Scale is a concept that have different meanings to different people. A cartographer most likely thinks scale refers to the scale of a map, i.e. the distance that one unit on the map represents in the real world. But scale doesn’t always refer to distances. It can be hierarchical and this refer to different levels of administration, or even temporal. Gibson et al (2000) define scale as the “spatial, temporal, quantitative, or analytical dimensions used to measure and study any phenomenon”.
For example, if you are trying to understand how climate or environmental change may affect migration, you can analyze this relationship at a multitude of levels, in several different dimensions. You may compare different migration patterns with environmental factors between countries, districts, municipalities, and even villages. Similarly you may be interested in linking environmental changes to migration events over the course of 1000, 100, or 10 years, looking at 5-year periods, individual years or even months.
Scale as a tool for outlining these levels and dimensions includes two important parameters, the extent (i.e. the area or time covered) and the resolution (i.e. the smallest unit of analysis). Often researchers decide on the spatial extent they want for their study, referring to their study area. But then they also need to define their resolution, which is often determined by default, based on the available data. Both extent and resolution of the temporal and spatial dimensions are highly influencing the way we see relationships and the strength of statistical relationships, which mean that it can lead to results that aren’t really stable, that would change if you changed the analytical dimensions.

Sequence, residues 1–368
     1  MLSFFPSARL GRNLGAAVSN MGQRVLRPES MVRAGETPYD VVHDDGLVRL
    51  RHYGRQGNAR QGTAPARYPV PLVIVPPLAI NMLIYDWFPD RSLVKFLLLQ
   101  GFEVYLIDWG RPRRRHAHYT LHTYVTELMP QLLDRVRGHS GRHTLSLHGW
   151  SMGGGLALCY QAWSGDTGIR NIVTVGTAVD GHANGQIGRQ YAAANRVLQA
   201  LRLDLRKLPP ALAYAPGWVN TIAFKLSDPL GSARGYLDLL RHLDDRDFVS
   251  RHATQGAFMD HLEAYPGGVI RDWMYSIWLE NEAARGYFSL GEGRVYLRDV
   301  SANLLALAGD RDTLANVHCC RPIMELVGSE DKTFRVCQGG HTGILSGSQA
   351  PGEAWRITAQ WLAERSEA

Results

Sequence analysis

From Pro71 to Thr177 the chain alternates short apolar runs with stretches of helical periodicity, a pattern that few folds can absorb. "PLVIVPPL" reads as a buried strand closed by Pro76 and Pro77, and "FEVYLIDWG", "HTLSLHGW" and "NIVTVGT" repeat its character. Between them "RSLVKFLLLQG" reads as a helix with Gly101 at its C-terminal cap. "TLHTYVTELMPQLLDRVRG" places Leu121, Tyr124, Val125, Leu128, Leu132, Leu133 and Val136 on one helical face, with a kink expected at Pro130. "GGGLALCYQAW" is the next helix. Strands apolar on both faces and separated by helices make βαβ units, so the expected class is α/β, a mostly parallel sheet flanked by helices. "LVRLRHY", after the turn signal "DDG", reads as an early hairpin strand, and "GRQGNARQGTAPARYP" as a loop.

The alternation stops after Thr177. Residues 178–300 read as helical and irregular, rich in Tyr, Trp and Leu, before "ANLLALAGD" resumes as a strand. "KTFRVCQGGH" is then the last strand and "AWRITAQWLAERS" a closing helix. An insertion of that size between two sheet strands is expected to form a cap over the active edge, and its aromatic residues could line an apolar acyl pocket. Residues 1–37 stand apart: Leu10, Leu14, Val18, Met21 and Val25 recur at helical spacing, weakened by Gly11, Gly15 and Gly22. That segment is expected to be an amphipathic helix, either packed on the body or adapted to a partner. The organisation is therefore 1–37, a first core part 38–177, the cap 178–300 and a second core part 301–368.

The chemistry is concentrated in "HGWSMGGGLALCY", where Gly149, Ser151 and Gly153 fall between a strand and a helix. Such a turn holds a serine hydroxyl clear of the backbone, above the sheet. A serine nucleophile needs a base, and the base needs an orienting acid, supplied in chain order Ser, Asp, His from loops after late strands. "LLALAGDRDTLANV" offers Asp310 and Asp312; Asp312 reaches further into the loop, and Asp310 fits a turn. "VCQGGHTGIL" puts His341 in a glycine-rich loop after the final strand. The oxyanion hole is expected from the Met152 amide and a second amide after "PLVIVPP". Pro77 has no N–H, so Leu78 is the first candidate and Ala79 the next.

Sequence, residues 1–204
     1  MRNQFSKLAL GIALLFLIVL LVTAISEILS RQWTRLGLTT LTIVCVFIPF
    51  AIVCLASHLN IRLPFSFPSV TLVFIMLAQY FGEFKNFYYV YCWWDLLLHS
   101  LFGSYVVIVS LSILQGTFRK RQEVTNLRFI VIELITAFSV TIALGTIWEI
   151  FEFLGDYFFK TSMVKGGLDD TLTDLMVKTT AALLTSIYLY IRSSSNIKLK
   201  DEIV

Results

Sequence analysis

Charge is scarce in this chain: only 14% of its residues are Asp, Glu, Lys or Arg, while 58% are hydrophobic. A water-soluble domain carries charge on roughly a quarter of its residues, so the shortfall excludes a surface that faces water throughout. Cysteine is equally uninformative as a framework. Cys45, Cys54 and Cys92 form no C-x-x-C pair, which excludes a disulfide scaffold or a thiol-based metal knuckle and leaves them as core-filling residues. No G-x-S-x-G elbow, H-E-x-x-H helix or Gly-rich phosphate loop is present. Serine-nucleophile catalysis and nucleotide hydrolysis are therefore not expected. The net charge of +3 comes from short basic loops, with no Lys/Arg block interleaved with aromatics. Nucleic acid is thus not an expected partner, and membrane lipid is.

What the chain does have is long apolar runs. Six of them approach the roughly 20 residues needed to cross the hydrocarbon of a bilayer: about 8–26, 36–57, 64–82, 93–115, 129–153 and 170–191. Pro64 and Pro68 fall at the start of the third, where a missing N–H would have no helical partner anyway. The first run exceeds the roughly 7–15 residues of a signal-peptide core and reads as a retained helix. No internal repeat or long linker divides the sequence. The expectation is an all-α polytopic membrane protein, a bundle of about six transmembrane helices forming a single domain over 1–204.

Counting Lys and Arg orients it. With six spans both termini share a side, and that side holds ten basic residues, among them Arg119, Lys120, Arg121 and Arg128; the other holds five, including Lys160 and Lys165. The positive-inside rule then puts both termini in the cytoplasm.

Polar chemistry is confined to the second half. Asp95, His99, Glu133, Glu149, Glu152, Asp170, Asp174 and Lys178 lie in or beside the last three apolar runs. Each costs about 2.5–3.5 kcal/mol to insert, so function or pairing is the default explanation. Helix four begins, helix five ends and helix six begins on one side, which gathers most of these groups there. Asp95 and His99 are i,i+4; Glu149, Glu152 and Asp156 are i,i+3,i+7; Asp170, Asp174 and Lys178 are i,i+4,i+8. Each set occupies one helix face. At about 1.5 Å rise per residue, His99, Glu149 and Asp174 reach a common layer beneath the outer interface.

I encourage all researchers to consider scale and how it may affect their results and conclusions, especially when working on interdisciplinary research combining population and environment factors, where data is most often not harmonized. More information can be found in our recent open access publication Data and methods in the environment-migration nexus: a scale perspective, which is part of a special issue on Climate and Migration.